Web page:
Kim is clearly sympathetic to the idea of the FTA forcing a change in Korean legal norms, but is honest enough to admit that the Korean practice for most of its history is not to pay compensation for "indirect expropriation" or "regulatory takings" when there's a public interest at stake.

None of this has hindered Korea's development. In fact, it is exactly Korea's embrace of unorthodox (but historically proven) policies that helped catapult the country from the development level of Sub-Saharan Africa to OECD levels in little over a generation, as Korean scholar Ha-Joon Chang documents.

(Daniel Soonghyun Lee, in a piece sympathetic to the FTA, also notes some inconsistencies of the FTA's dispute settlement mechanism with Korean civil law procedure, which is based on German law via Japan.)

This is not the first time that "trade liberalization" seems conditioned on deregulation of Korean domestic policies. During the Asian Financial Crisis, for instance, Korea committed to the IMF that it would deepen its financial services commitments at the WTO. Now, the country appears poised to deregulate via a trade pact yet again.

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As Obama pushes FTAs, unionists in Colombia & Panama are killed

The same day that Obama pledged to move forward on the leftover Bush FTAs, one unionist was killed and dozens were wounded in Panama during protests over Panama's new law that severely weakens labor rights.

Last month, two trade unionists were killed in Colombia. This AFL-CIO blog post puts it in perspective. 

There are many reasons to oppose the Colombia and Panama FTAs in their present form. The fact that they would give multinational corporations the ability to exploit the horrible human and labor rights situation in these countries is an important one.

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When does Wall Street get capped?

The Hill reported this morning that:

Rep. Paul Ryan (Wis.) and Sen. Judd Gregg (N.H.), the senior Republicans on the House and Senate Budget committees have praised a proposal by the fiscal panel’s Democratic co-chairman, Erskine Bowles, to limit government spending and revenue to 21 percent of gross domestic product.

As Dean Baker has written:

Most serious policy analysts believe that government should provide services that it does more efficiently than the private sector (e.g. defense), while leaving services it does less efficiently to the private sector. However Mr. Bowles apparently thinks that the government should instead adhere strictly to his magical 21 percent number. This means that Mr. Bowles would insist that the private sector provides services, even if it can be shown that the public sector is more efficient, because of his reverence for the number 21. In other words, Bowles is apparently prepared to slow growth and cost workers jobs out of his devotion to the number 21.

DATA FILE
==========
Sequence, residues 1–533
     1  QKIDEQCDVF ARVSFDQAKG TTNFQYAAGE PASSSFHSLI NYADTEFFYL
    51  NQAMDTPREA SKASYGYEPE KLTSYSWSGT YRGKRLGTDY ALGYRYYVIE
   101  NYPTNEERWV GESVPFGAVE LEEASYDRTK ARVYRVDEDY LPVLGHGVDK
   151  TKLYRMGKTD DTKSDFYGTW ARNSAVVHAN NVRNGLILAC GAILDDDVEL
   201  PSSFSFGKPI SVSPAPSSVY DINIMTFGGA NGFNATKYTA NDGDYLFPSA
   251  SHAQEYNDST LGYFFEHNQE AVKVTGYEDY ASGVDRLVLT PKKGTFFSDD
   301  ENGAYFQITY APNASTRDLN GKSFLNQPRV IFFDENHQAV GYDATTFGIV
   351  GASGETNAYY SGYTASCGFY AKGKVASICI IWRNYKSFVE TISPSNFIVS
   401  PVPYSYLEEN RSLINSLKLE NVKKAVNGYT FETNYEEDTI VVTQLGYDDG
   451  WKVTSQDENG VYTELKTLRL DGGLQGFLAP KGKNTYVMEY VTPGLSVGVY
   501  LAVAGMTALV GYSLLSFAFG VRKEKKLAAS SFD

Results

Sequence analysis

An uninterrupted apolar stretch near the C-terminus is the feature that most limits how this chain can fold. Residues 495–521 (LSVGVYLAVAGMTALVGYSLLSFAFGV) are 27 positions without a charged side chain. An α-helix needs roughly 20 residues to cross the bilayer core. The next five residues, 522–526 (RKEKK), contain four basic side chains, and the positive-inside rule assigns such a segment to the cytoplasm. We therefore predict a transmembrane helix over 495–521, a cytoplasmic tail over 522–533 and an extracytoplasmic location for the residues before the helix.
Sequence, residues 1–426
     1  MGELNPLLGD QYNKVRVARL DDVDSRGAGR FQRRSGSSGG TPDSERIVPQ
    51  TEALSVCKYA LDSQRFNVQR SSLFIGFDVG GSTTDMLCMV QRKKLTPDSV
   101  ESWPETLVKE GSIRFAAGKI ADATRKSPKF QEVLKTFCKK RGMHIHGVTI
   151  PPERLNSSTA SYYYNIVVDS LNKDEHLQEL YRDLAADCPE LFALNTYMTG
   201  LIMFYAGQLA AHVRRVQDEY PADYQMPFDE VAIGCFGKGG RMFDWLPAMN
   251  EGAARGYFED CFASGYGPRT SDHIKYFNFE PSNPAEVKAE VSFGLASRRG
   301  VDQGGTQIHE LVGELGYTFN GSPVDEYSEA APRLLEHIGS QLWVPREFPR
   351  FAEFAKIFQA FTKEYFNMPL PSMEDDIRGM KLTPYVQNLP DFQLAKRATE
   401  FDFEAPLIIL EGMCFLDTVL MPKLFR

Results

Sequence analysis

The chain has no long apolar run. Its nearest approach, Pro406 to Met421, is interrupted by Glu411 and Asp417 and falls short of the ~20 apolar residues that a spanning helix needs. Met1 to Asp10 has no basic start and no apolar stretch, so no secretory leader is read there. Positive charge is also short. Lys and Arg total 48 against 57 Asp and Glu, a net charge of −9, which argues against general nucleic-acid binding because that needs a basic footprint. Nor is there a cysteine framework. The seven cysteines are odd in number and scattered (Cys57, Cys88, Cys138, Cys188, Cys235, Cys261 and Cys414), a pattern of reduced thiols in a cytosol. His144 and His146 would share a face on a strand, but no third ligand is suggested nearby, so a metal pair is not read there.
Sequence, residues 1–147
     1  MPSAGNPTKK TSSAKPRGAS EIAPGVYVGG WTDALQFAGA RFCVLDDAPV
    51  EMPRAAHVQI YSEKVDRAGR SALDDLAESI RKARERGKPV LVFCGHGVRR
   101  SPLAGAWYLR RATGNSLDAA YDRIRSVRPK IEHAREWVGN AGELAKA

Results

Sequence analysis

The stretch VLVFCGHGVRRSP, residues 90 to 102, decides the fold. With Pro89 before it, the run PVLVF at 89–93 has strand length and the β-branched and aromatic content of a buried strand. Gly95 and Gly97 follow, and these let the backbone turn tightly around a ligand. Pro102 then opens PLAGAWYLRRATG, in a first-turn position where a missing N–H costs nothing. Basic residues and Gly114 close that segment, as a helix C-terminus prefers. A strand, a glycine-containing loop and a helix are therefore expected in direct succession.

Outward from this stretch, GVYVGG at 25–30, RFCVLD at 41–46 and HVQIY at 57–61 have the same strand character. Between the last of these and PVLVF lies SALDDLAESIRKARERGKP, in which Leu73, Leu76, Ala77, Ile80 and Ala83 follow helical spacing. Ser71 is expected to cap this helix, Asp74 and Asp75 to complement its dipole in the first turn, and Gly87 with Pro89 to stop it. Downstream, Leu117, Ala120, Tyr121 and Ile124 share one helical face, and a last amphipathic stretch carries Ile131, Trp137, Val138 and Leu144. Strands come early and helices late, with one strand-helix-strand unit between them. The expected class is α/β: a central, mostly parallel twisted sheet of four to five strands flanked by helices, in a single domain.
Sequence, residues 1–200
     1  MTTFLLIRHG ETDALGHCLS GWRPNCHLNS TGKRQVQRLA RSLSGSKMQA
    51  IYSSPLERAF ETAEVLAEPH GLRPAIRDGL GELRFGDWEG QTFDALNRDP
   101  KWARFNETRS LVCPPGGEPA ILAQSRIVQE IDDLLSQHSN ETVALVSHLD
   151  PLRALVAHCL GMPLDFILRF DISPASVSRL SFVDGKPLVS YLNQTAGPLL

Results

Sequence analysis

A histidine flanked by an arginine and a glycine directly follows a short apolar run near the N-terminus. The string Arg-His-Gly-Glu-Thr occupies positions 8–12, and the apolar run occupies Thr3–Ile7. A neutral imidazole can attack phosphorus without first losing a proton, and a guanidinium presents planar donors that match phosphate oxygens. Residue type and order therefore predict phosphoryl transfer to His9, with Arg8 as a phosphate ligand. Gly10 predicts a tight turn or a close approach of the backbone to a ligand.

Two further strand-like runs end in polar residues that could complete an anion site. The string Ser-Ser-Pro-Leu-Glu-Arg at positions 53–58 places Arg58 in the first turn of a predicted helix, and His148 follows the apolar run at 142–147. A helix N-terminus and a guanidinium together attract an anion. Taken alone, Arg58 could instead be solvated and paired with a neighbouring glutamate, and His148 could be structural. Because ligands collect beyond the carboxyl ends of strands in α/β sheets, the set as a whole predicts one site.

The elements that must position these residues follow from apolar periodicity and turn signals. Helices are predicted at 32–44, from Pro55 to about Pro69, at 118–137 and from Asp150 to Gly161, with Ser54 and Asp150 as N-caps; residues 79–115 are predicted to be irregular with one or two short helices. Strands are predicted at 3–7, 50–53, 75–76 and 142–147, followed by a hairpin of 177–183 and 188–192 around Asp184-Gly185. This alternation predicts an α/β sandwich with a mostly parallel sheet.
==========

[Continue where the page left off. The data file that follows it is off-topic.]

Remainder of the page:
Actually, I'd love to see the financial sector get similarly capped. Oh wait, but that would run afoul of our trade agreements, which state:

In sectors where market-access commitments are undertaken, the measures which a Member shall not maintain or adopt either on the basis of a regional subdivision or on the basis of its entire territory, unless otherwise specified in its Schedule, are defined as:

(a)        limitations on the number of service suppliers whether in the form of numerical quotas, monopolies, exclusive service suppliers or the requirements of an economic needs test;

(b)        limitations on the total value of service transactions or assets in the form of numerical quotas or the requirement of an economic needs test;

(c)        limitations on the total number of service operations or on the total quantity of service output expressed in terms of designated numerical units in the form of quotas or the requirement of an economic needs test...

Unlike some policies that propose to constrain the size of the the financial sector or individual financial institutions (like a firewall between investment and commercial banks), a 21 percent cap on any service sector would be more likely to meet the GATS' definition of being "in the form of a numerical quota."

If government services were per se bound to GATS, the Bowles proposal would almost assuredly be ruled a GATS violation. They're not, but financial services definitely are. Yet another way that neoliberals selectively apply their ideology in the service of corporate welfare.

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Elena Kagan v. Korea FTA, or, Why Ditching Holmes Domestically is Easier than Ditching W. Internationally

Elena Kagan indicated a broad deference to the political branches of government in her confirmation hearings yesterday. According to Adam Liptak of the NYT:

Asked on Wednesday by Senator Orrin G. Hatch, Republican of Utah, why, in her role as solicitor general, she had made an aggressive argument in defending a federal statute outlawing the sale of dogfighting videos, Ms. Kagan said poor legislative craftsmanship had left her little choice.

“I hesitate to criticize Congress’s work,” she said, “but it was a statute that was not drafted with the kind of precision that made it easy to defend from a First Amendment challenge.”

Ms. Kagan aligned herself with Justice Oliver Wendell Holmes Jr., who held his nose in the early years of the last century while voting to uphold statutes he thought were foolish.

Justice Holmes, Ms. Kagan said, “hated a lot of the legislation that was being enacted during those years, but insisted that if the people wanted it, it was their right to go hang themselves.”

In his memorable dissent in Lochner v. New York, a 1905 decision that struck down a New York work-hours law, Justice Holmes wrote that the Supreme Court should work hard to stay out of the way where economic legislation is concerned.

“A constitution is not intended to embody a particular economic theory,” he wrote. “It is made for people of fundamentally differing views, and the accident of our finding certain opinions natural and familiar, or novel, and even shocking, ought not to conclude our judgment upon the question whether statutes embodying them conflict with the Constitution of the United States.”

That is essentially the answer Ms. Kagan gave, in a kind of confirmation jujitsu, to questions from senators of both parties eager to see their views made into law by the courts rather than Congress.

As it happens, this kind of deference to elected officials is exactly what is missing from the pro-corporate investment rules in the Korea FTA, which President Obama committed to move over the weekend.

Continue reading "Elena Kagan v. Korea FTA, or, Why Ditching Holmes Domestically is Easier than Ditching W. Internationally" »